Gulls can be gorgeous. Gulls can also be not very gorgeous at all. In summer, when feathers are worn and younger birds are molting into their next plumage, gulls can be downright ugly. They can also, because of their odd appearance, be difficult to identify. On a recent family trip to Jones Beach, on New York’s Long Island, I had the opportunity to observe a small flock of gulls bathing, resting, and preening in some shallow brackish water that had collected behind the beach. I was not only intrigued by their appearance but also astounded by the diversity that they showed, even within species. The experience served to remind me why some people devolve into Larophiles but, don’t fear, I have not sunk to that low and disturbing condition myself (at least not yet).
Here, for example, are two birds in flight, both nearing their adult plumage, but both in that awkward phase that makes ugly ducklings look positively beautiful.
Ugly, right? But also interesting in terms of what they can teach the careful observer about molt and aging. Fortunately for you I am not a careful observer so you won’t be bored to tears in this blog post, at least not because of a detailed description of molt in gulls. But if you want to discuss molt in the comments feel free. (Sicko!)
The next picture is neat because there are two species in it and 99% of the folks who were at the beach would not have known that. Which one of these birds is not like the others?
Finally, I will share a bird that is so ugly that it cycled through ugly and came back to pretty. Seriously. What do you make of this one?
I need to go find some sparrows or some other species that are really easy to deal with…
Corey, I am inspired to take a leaf out of your book. By not committing to a species, you make your readers do all the hard work for themselves.
This is going to save me a lot of time and heartache.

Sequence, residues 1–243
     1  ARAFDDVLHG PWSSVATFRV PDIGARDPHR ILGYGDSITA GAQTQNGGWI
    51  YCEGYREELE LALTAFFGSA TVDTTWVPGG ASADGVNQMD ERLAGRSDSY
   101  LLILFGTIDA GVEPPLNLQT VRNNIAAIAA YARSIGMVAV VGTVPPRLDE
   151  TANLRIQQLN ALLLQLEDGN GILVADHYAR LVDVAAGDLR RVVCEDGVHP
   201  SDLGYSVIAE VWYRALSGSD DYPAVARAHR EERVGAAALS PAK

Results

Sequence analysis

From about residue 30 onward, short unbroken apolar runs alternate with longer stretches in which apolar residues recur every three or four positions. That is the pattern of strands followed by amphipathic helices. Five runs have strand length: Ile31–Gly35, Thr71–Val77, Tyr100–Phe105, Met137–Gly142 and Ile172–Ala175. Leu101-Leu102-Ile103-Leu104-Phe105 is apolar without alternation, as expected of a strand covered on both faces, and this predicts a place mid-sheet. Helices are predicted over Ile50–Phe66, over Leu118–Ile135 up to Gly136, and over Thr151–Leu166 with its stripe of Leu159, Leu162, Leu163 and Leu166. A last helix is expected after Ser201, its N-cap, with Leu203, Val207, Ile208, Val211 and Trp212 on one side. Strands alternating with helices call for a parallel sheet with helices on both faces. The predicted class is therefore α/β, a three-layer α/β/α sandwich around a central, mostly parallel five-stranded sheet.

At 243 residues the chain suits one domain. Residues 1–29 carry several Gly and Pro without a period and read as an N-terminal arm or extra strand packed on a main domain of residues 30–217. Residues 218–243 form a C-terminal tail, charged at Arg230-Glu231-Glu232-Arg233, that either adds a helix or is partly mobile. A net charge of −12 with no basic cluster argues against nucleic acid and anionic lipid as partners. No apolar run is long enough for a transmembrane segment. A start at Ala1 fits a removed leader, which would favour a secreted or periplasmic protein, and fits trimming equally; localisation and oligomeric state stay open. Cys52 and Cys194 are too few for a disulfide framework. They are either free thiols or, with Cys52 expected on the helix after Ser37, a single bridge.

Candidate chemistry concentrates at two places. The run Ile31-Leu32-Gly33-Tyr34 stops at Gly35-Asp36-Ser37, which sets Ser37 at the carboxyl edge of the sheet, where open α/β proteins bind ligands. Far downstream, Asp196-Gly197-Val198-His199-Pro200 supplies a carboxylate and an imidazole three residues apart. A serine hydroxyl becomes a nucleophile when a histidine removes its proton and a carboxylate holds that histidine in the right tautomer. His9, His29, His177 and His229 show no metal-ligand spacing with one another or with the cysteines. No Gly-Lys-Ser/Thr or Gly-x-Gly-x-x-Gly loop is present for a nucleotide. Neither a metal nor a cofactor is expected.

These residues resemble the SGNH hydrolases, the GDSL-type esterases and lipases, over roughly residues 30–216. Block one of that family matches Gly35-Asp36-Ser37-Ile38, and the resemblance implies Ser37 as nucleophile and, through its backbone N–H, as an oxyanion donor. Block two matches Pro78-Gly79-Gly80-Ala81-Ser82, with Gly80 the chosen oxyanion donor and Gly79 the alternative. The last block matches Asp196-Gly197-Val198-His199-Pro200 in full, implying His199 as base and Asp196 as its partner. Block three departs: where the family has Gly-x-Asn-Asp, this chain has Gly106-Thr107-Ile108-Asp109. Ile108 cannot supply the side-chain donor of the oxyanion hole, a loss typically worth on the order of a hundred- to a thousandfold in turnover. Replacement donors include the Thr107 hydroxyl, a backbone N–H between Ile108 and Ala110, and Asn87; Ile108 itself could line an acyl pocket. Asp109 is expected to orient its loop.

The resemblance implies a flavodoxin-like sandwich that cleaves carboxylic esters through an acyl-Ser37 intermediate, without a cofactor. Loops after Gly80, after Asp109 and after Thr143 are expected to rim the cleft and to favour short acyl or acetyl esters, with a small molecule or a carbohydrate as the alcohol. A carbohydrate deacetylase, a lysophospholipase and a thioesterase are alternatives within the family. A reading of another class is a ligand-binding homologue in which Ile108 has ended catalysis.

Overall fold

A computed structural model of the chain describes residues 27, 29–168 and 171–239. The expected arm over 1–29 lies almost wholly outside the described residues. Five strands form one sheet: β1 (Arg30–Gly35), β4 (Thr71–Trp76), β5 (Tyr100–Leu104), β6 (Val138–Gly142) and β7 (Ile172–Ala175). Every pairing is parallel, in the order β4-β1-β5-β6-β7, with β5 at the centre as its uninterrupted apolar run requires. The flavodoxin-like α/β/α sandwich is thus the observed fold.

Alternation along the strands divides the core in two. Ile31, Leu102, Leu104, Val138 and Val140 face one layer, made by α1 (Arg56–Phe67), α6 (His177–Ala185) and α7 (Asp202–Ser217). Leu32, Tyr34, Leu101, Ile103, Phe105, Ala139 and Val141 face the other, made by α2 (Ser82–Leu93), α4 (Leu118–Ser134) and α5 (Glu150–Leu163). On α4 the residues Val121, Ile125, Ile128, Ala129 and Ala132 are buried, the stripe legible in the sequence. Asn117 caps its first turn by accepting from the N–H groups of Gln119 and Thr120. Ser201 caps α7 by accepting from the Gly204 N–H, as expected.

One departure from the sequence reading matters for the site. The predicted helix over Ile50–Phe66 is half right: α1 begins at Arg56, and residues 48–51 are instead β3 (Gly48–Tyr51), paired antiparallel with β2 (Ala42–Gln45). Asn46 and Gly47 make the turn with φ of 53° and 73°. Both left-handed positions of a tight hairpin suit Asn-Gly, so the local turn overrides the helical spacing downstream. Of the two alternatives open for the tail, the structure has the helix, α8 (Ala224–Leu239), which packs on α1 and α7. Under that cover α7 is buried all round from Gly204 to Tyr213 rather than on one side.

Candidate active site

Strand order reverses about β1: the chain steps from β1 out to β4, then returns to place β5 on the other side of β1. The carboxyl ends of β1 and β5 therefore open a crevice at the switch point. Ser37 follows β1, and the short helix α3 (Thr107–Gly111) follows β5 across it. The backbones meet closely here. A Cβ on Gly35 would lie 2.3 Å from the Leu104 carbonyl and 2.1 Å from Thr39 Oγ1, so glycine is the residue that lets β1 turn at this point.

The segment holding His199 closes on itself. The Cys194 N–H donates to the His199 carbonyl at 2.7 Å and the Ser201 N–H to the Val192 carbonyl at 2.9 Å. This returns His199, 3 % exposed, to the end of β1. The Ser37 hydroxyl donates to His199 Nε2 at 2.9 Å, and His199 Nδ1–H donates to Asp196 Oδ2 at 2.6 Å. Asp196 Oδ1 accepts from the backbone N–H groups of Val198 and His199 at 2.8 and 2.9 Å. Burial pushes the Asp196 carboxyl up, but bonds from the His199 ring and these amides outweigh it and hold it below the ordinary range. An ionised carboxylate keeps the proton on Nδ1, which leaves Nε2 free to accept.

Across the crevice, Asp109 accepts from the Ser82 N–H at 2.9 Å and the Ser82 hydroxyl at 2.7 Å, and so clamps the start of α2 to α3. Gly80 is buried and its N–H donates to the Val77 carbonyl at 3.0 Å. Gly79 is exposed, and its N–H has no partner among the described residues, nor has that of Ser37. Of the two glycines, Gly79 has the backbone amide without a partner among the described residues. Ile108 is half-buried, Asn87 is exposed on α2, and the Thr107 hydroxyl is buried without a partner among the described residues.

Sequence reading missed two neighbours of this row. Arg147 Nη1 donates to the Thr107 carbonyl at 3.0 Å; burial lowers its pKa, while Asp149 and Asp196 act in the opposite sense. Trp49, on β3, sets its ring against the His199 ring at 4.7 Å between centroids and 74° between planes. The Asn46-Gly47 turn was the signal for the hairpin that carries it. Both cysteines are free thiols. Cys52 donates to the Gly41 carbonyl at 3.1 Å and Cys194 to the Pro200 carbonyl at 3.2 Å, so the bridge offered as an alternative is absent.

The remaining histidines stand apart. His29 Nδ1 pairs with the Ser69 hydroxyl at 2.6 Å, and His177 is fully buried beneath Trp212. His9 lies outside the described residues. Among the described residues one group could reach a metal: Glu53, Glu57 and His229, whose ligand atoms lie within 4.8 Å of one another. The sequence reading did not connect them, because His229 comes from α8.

I guess the last gull should serve as a warning not to make assumptions about a gull that lacks black wing-tips.
Nice Lesser Black-backed Gull.
Odd legs equals odd bird! Always check the legs-especially when bills are hidden!
Moult here is stressful after August 1st as it is a new year in a birds life. If you want to see ratty feathers you need to see the moult on shorebirds when they first return from migration-they are seriously ratty!!! 🙂
We agree-don’t commit to a species-enjoy all of them equally!
The last gull is an Iceland Gull. LBBG would never show no such white flight feathers. While the tips of the primaries are worn away, the bases of the primaries would be dark in LBBG and the tertials (which are not so worn in this bird) would be darker than the wing coverts. Other differences too. Also the bird looks round-headed and small-billed. The base of the bill is becoming pale, likely indicating the bird coming into its second year.
@Seth: I think John was referring to the bird in the third picture as the LBBG.
Two of my favorite gulls in any season, Lesser Black Backed and Iceland.
Wow. That bill is Lilliputian. A strong Iceland candidate I think. Not that Ive seen one (how embarrassing).